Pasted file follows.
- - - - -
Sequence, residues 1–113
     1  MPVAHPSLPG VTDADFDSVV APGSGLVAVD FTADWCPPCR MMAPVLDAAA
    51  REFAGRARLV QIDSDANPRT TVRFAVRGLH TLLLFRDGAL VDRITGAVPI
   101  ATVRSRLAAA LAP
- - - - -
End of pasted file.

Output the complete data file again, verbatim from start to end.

Sequence, residues 1–113
     1  MPVAHPSLPG VTDADFDSVV APGSGLVAVD FTADWCPPCR MMAPVLDAAA
    51  REFAGRARLV QIDSDANPRT TVRFAVRGLH TLLLFRDGAL VDRITGAVPI
   101  ATVRSRLAAA LAP